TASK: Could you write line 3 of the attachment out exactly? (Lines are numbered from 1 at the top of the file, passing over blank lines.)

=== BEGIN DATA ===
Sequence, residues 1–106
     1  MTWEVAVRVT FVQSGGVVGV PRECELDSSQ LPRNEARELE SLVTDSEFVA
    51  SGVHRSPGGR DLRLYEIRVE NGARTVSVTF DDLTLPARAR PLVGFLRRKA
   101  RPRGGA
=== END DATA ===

    51  SGVHRSPGGR DLRLYEIRVE NGARTVSVTF DDLTLPARAR PLVGFLRRKA